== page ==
If you are a regular reader of my blog, you know that my children and I are participating in Sew, Mama, Sew’s FunStitch Studio Summer Camp. You can read my first post here. Basically, we are trying out some of the projects in a series of books from FunStitch Studio which is a children’s book imprint from C&T Publishing.
Today we worked from A Kid’s Guide to Sewing by Sophie Kerr with Weeks Ringle and Bill Kerr, which is a great starting point for teaching a child to sew using a sewing machine. This book is more focused on machine sewing than hand-sewing. It will probably remind you of the kind of projects you made when you first learned how to sew. I know that these are the sorts of things I made growing up, just following verbal instructions from my mom: a simple pillow cover, a simple skirt, a drawstring bag, etc. It would be a great resource for a parent without an extensive sewing background. You could learn right along with your child.
Timothy chose the “simple pillow” project. It might have had something to do with the fact that the photo in the book featured a boy which is somewhat rare in sewing books. But I think it was partially because he recently chose material for new curtains and I had some leftover that I had alluded to using some time in the future for a pillow. Perhaps it was just his way of making sure he got that pillow!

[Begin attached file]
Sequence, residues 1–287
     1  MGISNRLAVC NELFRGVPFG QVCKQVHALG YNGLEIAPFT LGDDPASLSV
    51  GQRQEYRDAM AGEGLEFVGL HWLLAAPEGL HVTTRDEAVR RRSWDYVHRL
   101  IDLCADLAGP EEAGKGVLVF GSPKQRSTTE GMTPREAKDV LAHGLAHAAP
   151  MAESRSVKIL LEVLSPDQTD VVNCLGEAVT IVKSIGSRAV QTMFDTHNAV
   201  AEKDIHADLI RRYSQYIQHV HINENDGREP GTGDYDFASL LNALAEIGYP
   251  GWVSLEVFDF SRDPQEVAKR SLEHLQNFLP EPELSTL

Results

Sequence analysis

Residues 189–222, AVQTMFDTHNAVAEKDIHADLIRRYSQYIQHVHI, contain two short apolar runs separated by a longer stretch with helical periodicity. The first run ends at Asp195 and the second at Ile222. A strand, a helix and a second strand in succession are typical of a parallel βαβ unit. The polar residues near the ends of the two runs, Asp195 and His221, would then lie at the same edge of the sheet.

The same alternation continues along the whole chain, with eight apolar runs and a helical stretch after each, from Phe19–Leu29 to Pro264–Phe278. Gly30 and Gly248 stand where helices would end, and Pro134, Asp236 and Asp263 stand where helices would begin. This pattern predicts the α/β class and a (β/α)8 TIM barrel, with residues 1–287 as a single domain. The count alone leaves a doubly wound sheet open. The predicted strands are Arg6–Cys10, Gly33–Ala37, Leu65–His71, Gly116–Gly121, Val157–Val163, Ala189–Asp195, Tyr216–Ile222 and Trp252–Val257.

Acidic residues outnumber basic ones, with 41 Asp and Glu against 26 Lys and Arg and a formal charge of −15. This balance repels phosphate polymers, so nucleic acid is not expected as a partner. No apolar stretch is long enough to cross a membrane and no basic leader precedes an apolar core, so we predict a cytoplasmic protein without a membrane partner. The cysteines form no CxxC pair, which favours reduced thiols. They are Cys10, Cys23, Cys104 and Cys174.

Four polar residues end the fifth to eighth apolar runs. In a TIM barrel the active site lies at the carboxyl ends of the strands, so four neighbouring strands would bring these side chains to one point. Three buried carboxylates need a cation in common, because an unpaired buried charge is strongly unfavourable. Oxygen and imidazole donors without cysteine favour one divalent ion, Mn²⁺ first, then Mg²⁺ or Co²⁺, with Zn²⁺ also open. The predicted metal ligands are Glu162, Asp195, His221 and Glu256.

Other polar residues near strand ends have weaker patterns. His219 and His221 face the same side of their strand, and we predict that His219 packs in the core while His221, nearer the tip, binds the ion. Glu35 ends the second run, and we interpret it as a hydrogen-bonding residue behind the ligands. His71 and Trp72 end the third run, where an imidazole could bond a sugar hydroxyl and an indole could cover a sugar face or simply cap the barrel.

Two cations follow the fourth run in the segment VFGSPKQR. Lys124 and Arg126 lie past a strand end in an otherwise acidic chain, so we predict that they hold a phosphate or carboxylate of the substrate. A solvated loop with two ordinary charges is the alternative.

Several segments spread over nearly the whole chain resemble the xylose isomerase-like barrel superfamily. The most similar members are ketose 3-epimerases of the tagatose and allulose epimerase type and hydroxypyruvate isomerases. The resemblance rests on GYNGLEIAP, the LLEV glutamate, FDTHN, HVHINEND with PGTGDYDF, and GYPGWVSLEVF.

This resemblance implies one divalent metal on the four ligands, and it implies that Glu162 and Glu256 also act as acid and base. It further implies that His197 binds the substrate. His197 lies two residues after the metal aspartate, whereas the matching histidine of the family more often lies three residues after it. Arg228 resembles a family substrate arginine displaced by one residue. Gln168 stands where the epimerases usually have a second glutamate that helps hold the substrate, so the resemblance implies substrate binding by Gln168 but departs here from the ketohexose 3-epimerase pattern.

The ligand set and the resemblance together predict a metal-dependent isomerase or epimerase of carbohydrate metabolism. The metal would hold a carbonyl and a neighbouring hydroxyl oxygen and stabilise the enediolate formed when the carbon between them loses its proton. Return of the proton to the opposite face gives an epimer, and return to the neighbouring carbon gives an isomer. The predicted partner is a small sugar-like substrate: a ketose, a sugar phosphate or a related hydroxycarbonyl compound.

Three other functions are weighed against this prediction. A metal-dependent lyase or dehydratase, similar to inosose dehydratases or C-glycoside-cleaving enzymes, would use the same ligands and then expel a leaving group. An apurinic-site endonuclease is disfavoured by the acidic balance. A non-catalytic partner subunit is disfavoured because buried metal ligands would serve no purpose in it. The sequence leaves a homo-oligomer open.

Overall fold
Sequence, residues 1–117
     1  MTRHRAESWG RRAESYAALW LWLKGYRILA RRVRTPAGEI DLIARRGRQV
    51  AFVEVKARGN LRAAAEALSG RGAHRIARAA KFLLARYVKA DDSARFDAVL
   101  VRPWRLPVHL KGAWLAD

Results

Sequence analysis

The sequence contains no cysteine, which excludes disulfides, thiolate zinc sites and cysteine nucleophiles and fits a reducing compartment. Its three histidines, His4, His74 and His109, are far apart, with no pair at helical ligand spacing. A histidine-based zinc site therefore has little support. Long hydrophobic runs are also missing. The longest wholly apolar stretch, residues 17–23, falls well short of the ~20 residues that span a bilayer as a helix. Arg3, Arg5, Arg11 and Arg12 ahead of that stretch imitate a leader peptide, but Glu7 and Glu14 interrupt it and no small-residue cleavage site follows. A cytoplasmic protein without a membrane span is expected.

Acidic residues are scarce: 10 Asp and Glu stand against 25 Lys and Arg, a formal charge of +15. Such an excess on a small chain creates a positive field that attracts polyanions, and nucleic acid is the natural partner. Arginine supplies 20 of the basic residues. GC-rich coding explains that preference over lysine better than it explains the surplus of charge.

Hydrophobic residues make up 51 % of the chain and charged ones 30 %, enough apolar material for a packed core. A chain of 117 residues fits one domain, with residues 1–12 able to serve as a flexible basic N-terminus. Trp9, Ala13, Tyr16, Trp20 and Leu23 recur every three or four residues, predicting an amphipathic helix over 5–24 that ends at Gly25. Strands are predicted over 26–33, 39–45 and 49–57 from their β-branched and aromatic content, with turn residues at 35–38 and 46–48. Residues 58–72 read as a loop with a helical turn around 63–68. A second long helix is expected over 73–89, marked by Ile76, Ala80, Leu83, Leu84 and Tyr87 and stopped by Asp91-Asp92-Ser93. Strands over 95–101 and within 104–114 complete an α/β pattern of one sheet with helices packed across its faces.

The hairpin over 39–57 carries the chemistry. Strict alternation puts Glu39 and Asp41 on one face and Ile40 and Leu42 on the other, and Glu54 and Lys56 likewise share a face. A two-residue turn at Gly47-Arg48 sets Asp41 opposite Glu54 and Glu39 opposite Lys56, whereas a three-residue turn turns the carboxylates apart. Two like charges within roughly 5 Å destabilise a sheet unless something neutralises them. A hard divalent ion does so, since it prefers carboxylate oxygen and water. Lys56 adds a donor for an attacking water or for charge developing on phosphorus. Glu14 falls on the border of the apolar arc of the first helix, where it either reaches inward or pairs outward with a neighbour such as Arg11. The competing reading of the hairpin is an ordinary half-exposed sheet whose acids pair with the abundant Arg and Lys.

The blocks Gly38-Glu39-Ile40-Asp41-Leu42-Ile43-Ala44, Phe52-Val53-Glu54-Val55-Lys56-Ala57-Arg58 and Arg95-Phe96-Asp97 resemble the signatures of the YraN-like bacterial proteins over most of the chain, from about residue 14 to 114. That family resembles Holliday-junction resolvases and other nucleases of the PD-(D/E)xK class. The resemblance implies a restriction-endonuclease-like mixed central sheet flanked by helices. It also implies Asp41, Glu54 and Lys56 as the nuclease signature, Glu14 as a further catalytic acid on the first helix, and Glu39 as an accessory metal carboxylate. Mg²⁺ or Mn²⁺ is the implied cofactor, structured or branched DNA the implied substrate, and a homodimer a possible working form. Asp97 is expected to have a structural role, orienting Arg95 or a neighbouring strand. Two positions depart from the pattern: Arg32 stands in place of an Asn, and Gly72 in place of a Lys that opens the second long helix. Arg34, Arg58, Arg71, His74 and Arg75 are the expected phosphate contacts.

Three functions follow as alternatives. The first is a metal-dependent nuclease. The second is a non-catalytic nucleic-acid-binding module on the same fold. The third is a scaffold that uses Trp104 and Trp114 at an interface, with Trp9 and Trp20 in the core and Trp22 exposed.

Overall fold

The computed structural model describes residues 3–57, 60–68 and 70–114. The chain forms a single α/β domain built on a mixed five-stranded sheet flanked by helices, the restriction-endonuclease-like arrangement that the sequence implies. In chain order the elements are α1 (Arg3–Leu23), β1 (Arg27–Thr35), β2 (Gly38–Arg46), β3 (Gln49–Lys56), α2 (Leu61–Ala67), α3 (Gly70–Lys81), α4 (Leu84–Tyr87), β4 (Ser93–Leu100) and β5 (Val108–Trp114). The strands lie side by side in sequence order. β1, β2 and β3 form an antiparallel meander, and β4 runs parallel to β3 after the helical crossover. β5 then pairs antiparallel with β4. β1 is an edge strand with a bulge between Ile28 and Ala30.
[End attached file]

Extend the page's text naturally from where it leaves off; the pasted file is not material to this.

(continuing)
Timothy has only used the sewing machine a few times. We have worked together in the past to make a bag and a couple of pillows with handsewn closures, but never an envelope closure like this one. And this time, he wanted to work pretty much alone. I helped with the cutting but he did his own ironing, pinning and stitching. If you have a machine that allows you to adjust the speed, I highly recommend using that when teaching children.
Here he even used the edge stitching foot to carefully top stitch the rolled hems for the envelope closure. This project gave him a chance to top stitch, stitch a seam including curved corners, and use and overcast stitch.
Now that he is a little older, we could have discussions about measurements too and threw a little math into our project. We had an 18″ pillow form in the house, not the 20″ form that the project called for, so we discussed what had to change in the cutting directions. Then he needed to stitch with a 1/2″ seam allowance so we had a little review of fractions on my sewing machine guide above.
He’s thrilled with his pillow cover and loves the fact that it is washable so he can use it and it doesn’t have to be purely decorative like the ones he stuffed and hand-sewed closed before.